I Got a Refund Notice from the IRS – Except I’m a Canadian – What a Scam!

Like you, I love to get money back from the government. Since I am a Canadian, and I reside in Canada, when I do receive a refund on my income taxes that money comes from the government of Canada. Imagine my surprise then, when I received an email purportedly from the U.S. Internal Revenue Service advising me that I was eligible to receive an income tax refund of $873.20.

Tax refund (Message ID L9238s7ds8)‏

From:

Internal Revenue Service (efile@re-fund.co.us)

Sent:

February 23, 2008 9:51:16 PM

Reply-to:

efile@re-fund.co.us

To:

A Secure Way to Receive Your Tax Refund

After the last annual calculations of your fiscal activity we have determined that
you are eligible to receive a tax refund of $873.20.
Please submit the tax refund request and allow us 3-9 days in order to
process it.

A refund can be delayed for a variety of reasons.
For example submitting invalid records or applying after the deadline.
To access the form for your tax refund, please click here
Note: For security reasons, we will record your ip-address, the date and time.
Deliberate wrong inputs are criminally pursued and indicated.

Regards,
Internal Revenue Service
Copyright 2008, Internal Revenue Service U.S.A. All rights reserved.

Unfortunately, since I am Canadian I will not be getting a refund from the IRS, but instead the scammers responsible for this email expected that I would click on the enclosed link. Clicking on the link would have begun the process whereby the scammers would have stripped me of all the confidential information I was willing to provide. The scammers would then have used the information to commit identity and financial theft.

The reality is of course, the IRS doesn’t send out unsolicited emails asking for personal or financial information. Credit card numbers, ATM PIN numbers and additional financial would never be required to find out the current status of your tax return, or your tax refund. The link in these phishing emails goes to a fraudulent IRS website, (http://spanishmegapixel.com/tien.da/images/.e-f), hosted abroad.

According to the IRS there are over 1600 IRS phishing sites operating, or online, at any given time in search of potential victims willing to hand over sensitive financial data. It’s easy to see that the email I received is not an isolated incident. The IRS goes on to say that by their estimates, 1% of all spam email is an IRS phishing scam.

What makes this particular scam so potent is the average person, on receiving an email from an authoritative source, generally lowers their defenses. As well, giving the time of year, the timing is right. Be warned, IRS scam emails always ramp up before tax day and continue for some time afterwards.

You know what to do right? Follow the tips below to protect yourself against these threats:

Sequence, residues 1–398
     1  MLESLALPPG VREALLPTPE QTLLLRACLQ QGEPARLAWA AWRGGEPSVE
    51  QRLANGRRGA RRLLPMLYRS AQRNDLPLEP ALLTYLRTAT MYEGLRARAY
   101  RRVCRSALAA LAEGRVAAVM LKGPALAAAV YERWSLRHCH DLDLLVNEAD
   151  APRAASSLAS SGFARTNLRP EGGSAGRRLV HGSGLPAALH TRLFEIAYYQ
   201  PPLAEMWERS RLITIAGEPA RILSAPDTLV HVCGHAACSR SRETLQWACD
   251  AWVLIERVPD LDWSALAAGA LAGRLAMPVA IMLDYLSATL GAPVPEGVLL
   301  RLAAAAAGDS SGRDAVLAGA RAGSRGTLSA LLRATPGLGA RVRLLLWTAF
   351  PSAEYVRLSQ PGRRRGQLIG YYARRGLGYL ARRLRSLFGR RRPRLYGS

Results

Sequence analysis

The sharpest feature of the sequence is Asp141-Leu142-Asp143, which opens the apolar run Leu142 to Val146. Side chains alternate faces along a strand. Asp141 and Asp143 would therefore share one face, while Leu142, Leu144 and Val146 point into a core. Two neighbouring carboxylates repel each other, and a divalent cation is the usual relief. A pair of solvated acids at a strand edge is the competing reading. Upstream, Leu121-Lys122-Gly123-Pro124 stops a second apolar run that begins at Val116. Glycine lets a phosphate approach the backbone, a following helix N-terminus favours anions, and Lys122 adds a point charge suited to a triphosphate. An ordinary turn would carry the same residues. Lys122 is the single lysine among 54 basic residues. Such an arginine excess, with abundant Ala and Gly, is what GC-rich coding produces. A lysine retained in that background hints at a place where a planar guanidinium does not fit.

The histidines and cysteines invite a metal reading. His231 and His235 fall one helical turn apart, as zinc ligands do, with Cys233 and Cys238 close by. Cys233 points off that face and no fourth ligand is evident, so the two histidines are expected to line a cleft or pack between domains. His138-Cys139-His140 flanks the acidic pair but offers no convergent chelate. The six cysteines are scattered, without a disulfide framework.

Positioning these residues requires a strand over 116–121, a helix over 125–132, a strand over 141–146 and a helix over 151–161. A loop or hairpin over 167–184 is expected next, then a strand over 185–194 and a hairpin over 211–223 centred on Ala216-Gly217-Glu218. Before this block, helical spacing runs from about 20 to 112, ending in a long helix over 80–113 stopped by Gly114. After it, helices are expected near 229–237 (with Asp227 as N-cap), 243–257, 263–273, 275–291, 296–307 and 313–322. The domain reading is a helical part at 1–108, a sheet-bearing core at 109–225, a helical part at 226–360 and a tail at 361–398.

• Your bank, the IRS, or any other legitimate organization will never ask you to divulge account information or passwords via email. Never give out this information, especially via email.
  • Don’t open emails that come from untrusted sources.
  • Don’t run files that you receive via email without making sure of their origin.
  • Don’t click links in emails. If they come from a known source, type them on the browser’s address bar. If they come from an untrusted source, simply ignore them.
  • Keep your computer protected. Install a security solution and keep it up-to-date. Also, before carrying out any kind of financial transaction on the Web, scan your computer with a second-opinion security solution, like NanoScan at www.nanoscan.com.

 

Elsewhere in this Blog you can download freeware anti-malware solutions that provide excellent overall security protection. Click here.

Be kind to your friends, relatives and associates and let them know that these types of scams are now epidemic on the Internet. In that way, it raises the level of protection for all of us.

To help you fight back, the following information has been taken from the official IRS web site and provides instructions on how to assist the IRS in shutting down these schemes.

The good news is that you can help shut down these schemes and prevent others from being victimized. If you receive a suspicious e-mail that claims to come from the IRS, you can relay that e-mail to a new IRS mailbox, phishing@irs.gov.

Follow instructions in the link below for sending the bogus e-mail to ensure that it retains critical elements found in the original e-mail. The IRS can use the information, URLs and links in the suspicious e-mails you send to trace the hosting Web site and alert authorities to help shut down the fraudulent sites. Unfortunately, due to the expected volume, the IRS will not be able to acknowledge receipt or respond to you.

IRS reporting site: phishing@irs.gov

About these ads

2 Comments

Filed under Email, Internet Safety, Malware Advisories, Online Banking, Online Safety, Phishing, Windows Tips and Tools

2 responses to “I Got a Refund Notice from the IRS – Except I’m a Canadian – What a Scam!

  1. Pingback: Irs » Blog Archive » I Got a Refund Notice from the IRS – Except I’m a Canadian –

  2. This is very hot information. I think I’ll share it on Facebook.